During the month of International Women’s Day, Euroscientist is running a series of short articles looking at the state of women in research throughout Europe. Previous articles in this series looked at Northern, Southern, and Western Europe. This is the last in the series.
In nearly every region covered in this series, the figures behind women in European science tend to tell the same story: there is a larger then ever proportion of women in science, though we are far off from achieving true gender parity in all levels of research.
Not so in Eastern Europe. Countries of the former Eastern Bloc have the highest proportion of women in science of the continent, where it is more common for men to be in the minority. According to 2018 figures compiled by the EU women make up 53% of researchers in Georgia, 52% in Latvia, 51% in Russia, and just over 50% in Armenia. In other countries of the former eastern bloc men are in the majority by only a few percentage points.
The reason, as you may have guessed, is down to policies in the Soviet era. Sociologists believe that with some exceptions the soviet focus on science education, programs to bring women into science, and generous childcare and parental leave all helped to increase women in science over the decades.
To some extent the evidence of this can still be felt today; Latvia has the highest proportion of women in science in the European Union. ‘’Personally, I have not paid attention to this, because it seems so natural and that women are treated equally,’’ says Daina Indriksone, an environmental researcher and member of the board at the NGO Baltic Environmental Forum in Latvia. She points out that when studying at university, men were often the minority in her classes in the biology and chemistry faculties.
In the past, women in science tended to be clustered in certain disciplines such as the medical and health sciences and social sciences. However there is evidence that this is also changing. ‘’I think these old boundaries are getting destroyed,’’ says Ingrīda Brēmere, who is also an environmental researcher at the Baltic Environmental Forum. “I think more women are getting interested in the technology fields, for example IT. It’s a subject no longer explicitly for men.”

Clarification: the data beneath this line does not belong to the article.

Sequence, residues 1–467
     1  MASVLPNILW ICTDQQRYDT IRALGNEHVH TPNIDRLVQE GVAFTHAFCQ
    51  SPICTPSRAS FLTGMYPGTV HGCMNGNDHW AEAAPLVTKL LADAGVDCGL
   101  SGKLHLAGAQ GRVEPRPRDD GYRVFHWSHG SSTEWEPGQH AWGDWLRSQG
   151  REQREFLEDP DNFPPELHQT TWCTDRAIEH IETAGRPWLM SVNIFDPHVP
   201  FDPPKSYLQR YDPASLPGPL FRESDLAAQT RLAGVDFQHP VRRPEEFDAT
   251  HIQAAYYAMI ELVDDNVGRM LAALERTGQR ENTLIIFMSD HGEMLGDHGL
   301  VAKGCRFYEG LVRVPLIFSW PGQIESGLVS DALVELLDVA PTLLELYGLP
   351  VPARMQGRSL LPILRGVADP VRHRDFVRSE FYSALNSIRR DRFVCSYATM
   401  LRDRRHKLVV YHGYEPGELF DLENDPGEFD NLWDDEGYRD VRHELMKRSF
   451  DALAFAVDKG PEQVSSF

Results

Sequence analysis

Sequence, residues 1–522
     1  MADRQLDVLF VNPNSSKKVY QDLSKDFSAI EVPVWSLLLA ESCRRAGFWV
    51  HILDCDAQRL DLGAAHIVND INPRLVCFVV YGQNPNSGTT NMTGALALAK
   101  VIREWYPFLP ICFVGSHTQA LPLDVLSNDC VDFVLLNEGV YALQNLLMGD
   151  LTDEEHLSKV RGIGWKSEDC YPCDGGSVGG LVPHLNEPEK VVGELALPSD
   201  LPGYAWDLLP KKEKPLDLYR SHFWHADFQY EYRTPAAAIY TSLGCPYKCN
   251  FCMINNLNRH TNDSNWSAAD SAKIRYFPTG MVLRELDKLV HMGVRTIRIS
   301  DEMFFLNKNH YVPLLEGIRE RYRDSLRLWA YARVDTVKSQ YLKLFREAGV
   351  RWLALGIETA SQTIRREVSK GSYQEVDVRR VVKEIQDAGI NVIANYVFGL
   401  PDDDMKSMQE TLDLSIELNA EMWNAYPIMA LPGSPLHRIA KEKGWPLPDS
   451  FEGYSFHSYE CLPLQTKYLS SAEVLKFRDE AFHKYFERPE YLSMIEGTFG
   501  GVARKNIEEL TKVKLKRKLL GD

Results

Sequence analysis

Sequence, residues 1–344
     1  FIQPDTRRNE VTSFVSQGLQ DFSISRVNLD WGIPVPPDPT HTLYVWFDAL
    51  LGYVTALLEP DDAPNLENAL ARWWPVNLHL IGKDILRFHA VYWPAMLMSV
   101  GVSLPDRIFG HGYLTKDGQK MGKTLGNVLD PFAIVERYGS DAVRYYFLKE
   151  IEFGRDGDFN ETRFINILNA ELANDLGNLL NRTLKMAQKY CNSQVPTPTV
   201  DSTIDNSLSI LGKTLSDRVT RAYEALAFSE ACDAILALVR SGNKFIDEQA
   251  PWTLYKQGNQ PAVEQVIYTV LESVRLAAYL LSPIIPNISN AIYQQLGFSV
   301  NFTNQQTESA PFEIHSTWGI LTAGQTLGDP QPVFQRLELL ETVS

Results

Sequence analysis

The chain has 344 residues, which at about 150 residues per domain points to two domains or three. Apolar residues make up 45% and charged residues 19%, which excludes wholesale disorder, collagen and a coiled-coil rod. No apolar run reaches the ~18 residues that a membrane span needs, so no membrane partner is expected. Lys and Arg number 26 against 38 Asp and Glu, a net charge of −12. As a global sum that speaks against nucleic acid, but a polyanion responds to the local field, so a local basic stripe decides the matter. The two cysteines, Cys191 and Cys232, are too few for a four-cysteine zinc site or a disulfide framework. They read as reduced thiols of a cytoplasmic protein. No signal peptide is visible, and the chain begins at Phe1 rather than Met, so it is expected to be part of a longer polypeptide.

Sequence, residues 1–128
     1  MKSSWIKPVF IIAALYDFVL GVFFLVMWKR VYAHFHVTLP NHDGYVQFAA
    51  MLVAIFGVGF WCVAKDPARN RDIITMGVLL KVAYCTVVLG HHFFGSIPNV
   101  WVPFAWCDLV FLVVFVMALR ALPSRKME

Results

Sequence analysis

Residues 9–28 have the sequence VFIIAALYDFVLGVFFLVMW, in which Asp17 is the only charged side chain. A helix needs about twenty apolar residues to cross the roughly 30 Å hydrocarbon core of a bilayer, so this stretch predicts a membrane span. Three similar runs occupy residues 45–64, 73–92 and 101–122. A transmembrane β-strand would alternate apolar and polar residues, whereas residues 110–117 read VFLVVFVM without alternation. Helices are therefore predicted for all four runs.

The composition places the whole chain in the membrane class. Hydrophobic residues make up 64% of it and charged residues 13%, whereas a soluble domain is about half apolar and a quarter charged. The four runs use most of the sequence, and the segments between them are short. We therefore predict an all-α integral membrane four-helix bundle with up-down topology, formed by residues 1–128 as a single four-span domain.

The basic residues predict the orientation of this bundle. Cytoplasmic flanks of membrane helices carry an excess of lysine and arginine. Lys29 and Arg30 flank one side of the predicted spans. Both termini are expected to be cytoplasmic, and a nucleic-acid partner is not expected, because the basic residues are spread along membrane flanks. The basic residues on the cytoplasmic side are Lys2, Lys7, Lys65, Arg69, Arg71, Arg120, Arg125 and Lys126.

However both would like to see more investment in Latvian academia, especially for international projects. Both are working in the EU-funded IMPETUS project, which is developing methods for communities to adapt to the effects of climate change. However not all Latvian research institutes can avail of funding for such important projects. Both agree that more funding for Latvian research could boost the country’s research impact further.
Unfortunately the greatest challenge for women in this region are caused by the Russian invasion of Ukraine. Official figures are hard to come by, though one expert from the US National Academies of Sciences, Engineering, and Medicine says that around 15 000 PhD scientists are among the millions who left Ukraine during the war. Because most Ukrainian men have been banned from leaving the country, most of these scientists are likely to be women.
An April 2022 early survey of scholars fleeing the conflict drives this point home. Of the over 2000 Ukrainian researchers surveyed, 67% were women and 65% had at least one child.
Writing in De Gruyter, the Ukrainian academic Dr Tetiana Perga who is now based in Germany lists the issues faced by her compatriots fleeing the conflict; legal issues, adapting to a new social environment, and managing their children and other relatives who also need help adjusting to their host country. However, there are she argues there are some silver linings. For example, Dr Perga suggests that Ukrainian women scientists can now present previously unknown achievements and results of Ukrainian science directly to the European scientific community. Entering new labs and research centres means that they can grow their professional network, and may help West European researchers become aware of the potential of Ukrainian science.
Of course it should not take an armed conflict for these lessons to be shared throughout Europe. Though once it ends, the continent may learn from Ukrainian science than they previously thought.